There’s something new at Gadzooks Enchiladas & Soups, 3313 N. 7th St., and it’s served from 8 to 11 a.m. daily. Owner Aaron Pool says he didn’t have a big public relations event to announce that breakfast was being added to the menu. Perhaps it’s because it consists of one item—the Breakfast Taco. However, true to the Gadzooks formula, you can order that one item at least a dozen different ways by choosing your tortilla, meat, toppings, salsa and cheese. You also can go vegetarian.

Jared Pool, left, has joined his brother Aaron Pool, founder of Gadzooks Enchiladas & Soups, for the expansion of the business, with a second location set to open this month near 40th Street and Camelback Road. The eateries specialize in build-your-own enchiladas and tacos (photo by Teri Carnicelli).

“We’re just letting customers find out,” Aaron explains. A tiny chalkboard near the register announces the new item. So far customers have noticed and seem to really enjoy stopping by for a quick and tasty breakfast, he says. If you’re really hungry, get two tacos, which will fill you up for less than $10.

It’s not the only thing new for this businessman-turned-restaurateur. Soon, he and his older brother, Jared, will open a second location near 40th Street and Camelback Road. Jared is not an owner in the current location, and he left his dentistry practice to go into business with his brother at the second location which is right on the canal, or as he says, “It’s waterfront property.”

So how does someone go from dentistry to enchiladas, and trade Silicon Valley for the Valley of the Sun? It started with both brothers bonding over the joys, and frustrations, of running a successful business, says Jared. Soon the brothers started meeting regularly in Las Vegas, a convenient middle point between Phoenix and San Francisco, and a new plan was hatched. “Aaron was ready to expand, but ‘franchise’ is a bad word in Aaron’s vocabulary, because quality control is his top priority. So he was looking for potential investors right as I was thinking about moving back closer to home.”

Aaron, who earned a business degree from Arizona State University, didn’t have a culinary background when he decided to follow his dream of creating an enchilada hot spot. But the brothers say, they are loving what they do and wouldn’t change a thing. In fact, the third Pool brother, Drew, owner of the popular local boutique brewery and tap room, Wren House, will partner with Gadzooks to create a custom Bavarian-style hefeweizen beer, available exclusively at Gadzooks.

Both restaurants will have the same build-your-own enchilada or taco menu. You start by selecting the type of tortilla you prefer, corn or the 50/50—which is half corn and half flour and extremely tasty. Then you select the meat you want, such as roasted tomatillo chicken, green chile pork shoulder or short rib (at lunch you have a bison option). You can select other items such as cheese, potatoes or cornbread. Pick a sauce and add more things like an over easy egg or hand-smashed guacamole. It’s all about customizing your order to exactly what you want.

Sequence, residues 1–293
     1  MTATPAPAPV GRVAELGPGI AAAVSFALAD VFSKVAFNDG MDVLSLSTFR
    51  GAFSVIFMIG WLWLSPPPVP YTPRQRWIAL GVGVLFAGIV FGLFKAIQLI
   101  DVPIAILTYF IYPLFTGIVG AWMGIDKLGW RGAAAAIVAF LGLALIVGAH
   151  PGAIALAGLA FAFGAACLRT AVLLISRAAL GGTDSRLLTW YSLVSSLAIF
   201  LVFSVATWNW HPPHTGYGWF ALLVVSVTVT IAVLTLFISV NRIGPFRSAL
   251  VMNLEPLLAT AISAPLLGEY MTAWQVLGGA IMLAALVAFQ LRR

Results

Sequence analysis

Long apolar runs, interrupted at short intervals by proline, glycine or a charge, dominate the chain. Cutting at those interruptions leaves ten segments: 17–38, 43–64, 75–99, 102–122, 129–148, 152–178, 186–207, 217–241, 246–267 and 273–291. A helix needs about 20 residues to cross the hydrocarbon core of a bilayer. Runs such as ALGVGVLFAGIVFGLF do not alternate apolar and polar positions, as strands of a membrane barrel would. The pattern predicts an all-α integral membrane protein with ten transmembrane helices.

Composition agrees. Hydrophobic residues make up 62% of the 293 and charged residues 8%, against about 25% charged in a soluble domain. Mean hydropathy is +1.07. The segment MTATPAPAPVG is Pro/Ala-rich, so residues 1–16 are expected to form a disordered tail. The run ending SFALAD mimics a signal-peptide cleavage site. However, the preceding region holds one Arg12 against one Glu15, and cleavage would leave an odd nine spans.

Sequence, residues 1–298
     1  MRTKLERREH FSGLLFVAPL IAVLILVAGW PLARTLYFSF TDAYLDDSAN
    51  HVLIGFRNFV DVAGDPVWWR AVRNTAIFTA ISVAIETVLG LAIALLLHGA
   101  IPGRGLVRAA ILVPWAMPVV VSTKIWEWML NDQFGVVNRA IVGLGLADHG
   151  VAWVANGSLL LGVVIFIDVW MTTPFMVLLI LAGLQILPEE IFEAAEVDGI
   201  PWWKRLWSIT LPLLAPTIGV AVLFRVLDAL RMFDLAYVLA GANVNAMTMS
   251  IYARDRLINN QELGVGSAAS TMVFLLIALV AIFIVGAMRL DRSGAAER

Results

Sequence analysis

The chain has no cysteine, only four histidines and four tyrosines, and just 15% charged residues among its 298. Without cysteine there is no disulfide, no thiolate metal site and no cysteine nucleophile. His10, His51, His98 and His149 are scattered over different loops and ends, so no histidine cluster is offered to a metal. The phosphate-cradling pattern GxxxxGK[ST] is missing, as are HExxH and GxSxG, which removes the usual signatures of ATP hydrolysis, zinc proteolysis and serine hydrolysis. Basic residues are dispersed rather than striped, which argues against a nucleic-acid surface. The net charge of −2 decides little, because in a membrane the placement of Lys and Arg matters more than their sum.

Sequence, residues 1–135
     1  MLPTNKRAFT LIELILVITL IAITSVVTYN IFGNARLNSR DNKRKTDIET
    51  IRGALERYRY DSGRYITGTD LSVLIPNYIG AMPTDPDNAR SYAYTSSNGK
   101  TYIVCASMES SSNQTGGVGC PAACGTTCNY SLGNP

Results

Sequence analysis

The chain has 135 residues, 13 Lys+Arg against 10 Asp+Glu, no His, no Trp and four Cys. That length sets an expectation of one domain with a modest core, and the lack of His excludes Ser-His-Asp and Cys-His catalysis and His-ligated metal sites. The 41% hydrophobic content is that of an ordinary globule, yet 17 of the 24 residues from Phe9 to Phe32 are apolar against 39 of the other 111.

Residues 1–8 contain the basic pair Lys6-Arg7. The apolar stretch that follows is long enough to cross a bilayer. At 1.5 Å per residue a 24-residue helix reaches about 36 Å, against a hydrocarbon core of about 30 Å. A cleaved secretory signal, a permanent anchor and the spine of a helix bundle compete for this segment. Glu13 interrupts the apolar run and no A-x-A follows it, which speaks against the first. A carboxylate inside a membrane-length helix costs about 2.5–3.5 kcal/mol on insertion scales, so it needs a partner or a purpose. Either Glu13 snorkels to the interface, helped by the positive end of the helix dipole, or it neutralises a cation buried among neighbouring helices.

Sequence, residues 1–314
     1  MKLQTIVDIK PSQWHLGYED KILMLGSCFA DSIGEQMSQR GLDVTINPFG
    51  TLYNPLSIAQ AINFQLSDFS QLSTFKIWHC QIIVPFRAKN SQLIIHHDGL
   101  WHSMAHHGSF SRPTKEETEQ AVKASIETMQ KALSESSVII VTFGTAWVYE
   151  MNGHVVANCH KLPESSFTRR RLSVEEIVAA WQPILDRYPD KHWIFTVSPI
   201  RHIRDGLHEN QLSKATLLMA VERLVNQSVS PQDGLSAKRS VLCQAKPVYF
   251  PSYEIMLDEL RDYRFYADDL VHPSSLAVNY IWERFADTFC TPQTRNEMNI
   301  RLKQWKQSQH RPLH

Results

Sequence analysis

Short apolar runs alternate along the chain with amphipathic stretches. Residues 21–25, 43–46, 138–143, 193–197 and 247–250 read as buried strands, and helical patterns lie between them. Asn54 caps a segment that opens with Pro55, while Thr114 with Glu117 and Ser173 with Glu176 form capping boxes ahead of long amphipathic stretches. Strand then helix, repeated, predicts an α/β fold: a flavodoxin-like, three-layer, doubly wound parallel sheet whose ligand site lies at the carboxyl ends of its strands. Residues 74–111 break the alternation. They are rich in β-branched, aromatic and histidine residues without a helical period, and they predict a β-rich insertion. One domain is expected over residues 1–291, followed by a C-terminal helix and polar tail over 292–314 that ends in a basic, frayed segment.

Each dish is less than $10, not including your drink. You also can get a chopped salad, homemade tortilla soup, spicy potato corn chowder, or Head Honcho’s Nachos. Aaron says customers can easily order vegetarian or even vegan tacos and enchiladas.

Continuing their focus on “keeping it in the family,” the cookies are homemade daily by the Pools’ mother, Linda. In fact, recipes from their mother are found throughout the menu and it’s what the brothers grew up eating. “It’s similar to what our mom cooked for us,” says Jared.

Other recipes came from the brothers’ own dining experience. When Jared had his dentistry practice in San Francisco, Aaron would visit and get inspired by restaurants in the Bay Area.

Aaron’s go-to meals are the tacos with a corn tortilla. He likes to mix up different flavors starting with either the short rib enchiladas or the chicken enchiladas, and always includes the Christmas sauce (that means both red and green). He likes to add two kinds of cheese, and top it off with an over easy egg. The finisher is the honey vinaigrette or the lava pico de gallo. “After eating that, it’s nap time,” he laughs.

Jared’s favorite is the Taco Festival with the 50/50 corn and flour tortilla. He likes the spicier flavors that include the sweet and spicy cornbread, jalapeño ranch, and cotija hot cheese. The kids’ menu offers tacos or enchiladas for $3.75.

Both locations will offer catering as well, and that includes people ordering just one very popular item—the sweet and spicy cornbread—to bring to a company potluck or family dinner.

After being in business for four years at the first location, Aaron has made a few changes for the new location. The Camelback restaurant will have a walk-up window as well as a drive-through window for to-go orders. Since it’s right on the canal, it also will have a bike rack for cyclists riding by and stopping in for a meal.

At the new location, the tortilla grill will be prominently featured so customers can watch as their taco or enchilada takes shape. They can then be enjoyed on the expansive al fresco dining patio overlooking the canal, which on weekends will allow people to have a more leisurely dining experience rather than dine and go.

Visit to see when the 4031 E. Camelback Road location will have its grand opening (set for some time in December), or call the 7th Street location at 602-279-5080.



  • Patty Talahongva

    Patty Talahongva is a Hopi journalist, documentary producer, and news executive. She was the first Native American anchor of a national news program in the United States and is involved in Native American youth and community development projects.

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